Book Review: Option B

“Seeking joy after facing adversity is taking back what was stolen from you”

 

I don’t know anyone who has been handed only roses. We all encounter hardships. Some we see coming; others take us by surprise. It can be as tragic as the sudden death of a child, as heartbreaking as a relationship that unravels, or as disappointing as a dream that goes unfulfilled. The question is: When these things happen, what do we do next?

Life, as we know it, is unpredictable. You’re walking down the road in your freshly cleaned and ironed white shirt only to have mud splashed all over your clothes. You’re standing on the road, hailing abuses at the vehicle who did it, but there’s only so much you can do. Or maybe accidentally dropping your favorite scoop of ice-cream you’d been wanting to savor. These are small almost unimportant terrible things that happen. What does one do when they fail at an important phase of their life? How do you react when you lose a family member? Where do you go when you’re fighting to live?

You want to give up. Leave everything. And escape. But you don’t. You wake up every day, confused, miserable, but still ready to move on. When there’s no Option A, you kick the shit out of Option B. That’s exactly what this novel by Sheryl Sandberg is all about. To find the light at the end of the tunnel, to find the silver lining and learn to live some form of Option B.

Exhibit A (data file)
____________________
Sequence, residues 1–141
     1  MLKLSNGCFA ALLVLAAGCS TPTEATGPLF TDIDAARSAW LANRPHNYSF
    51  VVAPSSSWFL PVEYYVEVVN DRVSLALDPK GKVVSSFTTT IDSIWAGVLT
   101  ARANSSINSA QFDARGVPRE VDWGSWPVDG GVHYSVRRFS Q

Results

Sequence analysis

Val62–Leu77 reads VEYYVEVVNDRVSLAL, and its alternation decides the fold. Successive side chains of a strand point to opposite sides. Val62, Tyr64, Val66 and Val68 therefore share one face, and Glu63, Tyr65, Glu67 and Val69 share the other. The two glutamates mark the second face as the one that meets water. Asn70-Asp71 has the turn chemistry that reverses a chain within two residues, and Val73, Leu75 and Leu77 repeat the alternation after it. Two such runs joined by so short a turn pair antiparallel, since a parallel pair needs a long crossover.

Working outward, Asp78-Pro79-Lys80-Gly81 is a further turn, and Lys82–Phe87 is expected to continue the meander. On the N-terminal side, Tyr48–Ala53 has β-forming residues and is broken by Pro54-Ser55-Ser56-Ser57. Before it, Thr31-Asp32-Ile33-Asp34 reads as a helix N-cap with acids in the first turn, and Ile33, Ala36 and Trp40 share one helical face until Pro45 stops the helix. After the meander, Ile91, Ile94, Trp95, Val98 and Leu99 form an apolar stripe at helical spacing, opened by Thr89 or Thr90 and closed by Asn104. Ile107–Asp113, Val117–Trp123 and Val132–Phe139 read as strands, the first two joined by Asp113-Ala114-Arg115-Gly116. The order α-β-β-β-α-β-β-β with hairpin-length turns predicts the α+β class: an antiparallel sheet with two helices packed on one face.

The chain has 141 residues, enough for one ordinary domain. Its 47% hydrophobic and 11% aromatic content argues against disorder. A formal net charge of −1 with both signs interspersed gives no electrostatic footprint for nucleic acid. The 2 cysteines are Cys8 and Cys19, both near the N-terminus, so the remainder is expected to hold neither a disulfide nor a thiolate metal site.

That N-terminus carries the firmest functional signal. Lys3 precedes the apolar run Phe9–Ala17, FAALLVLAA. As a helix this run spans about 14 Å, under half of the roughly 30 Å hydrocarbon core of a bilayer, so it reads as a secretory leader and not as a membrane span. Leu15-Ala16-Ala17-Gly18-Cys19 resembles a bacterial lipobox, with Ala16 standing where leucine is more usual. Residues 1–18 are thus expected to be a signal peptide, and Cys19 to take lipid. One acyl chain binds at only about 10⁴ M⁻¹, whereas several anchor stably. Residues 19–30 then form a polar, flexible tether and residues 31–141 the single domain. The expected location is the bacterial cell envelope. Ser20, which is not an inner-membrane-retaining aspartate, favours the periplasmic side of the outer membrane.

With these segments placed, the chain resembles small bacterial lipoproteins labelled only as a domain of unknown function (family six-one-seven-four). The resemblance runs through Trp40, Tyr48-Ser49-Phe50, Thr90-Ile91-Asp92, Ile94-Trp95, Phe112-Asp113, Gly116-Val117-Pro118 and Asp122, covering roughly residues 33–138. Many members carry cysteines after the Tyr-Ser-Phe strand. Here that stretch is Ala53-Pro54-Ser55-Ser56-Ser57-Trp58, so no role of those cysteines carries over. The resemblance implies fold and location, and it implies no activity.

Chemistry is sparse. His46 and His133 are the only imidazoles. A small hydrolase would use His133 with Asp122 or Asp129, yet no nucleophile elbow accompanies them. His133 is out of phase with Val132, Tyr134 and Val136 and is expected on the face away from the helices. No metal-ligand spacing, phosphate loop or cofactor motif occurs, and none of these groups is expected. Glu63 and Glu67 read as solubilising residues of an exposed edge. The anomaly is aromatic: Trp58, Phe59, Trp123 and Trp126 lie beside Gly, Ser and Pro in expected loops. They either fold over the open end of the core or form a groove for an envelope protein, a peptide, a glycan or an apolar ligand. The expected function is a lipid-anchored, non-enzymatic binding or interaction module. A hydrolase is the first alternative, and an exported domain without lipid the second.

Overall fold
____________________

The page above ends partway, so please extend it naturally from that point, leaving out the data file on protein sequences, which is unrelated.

The sudden death of Sheryl’s husband turned her world upside down. It came as a blow, one she thought she could never recover from. To make it worse, she couldn’t think of a life where her children would grow up without having a father. Happiness seemed like a distant dream. Sheryl feared her children would never find happiness again. They would never be normal. She would never be normal. Adam Grant, psychologist at Wharton and a dear friend of Sheryl jumped to the scene. Together they discovered how to cope with adversity and build resilience. Talking about Resilience Sheryl says:

I thought resilience was the capacity to endure pain, so I asked Adam how I could figure out how much I had. He explained that our amount of resilience isn’t fixed, so I should be asking instead how I could become resilient. Resilience is the strenght and speed of our response to adversity–we can build it. It isn’t about having a backbone. It’s about strengthening the muscles around our backbone.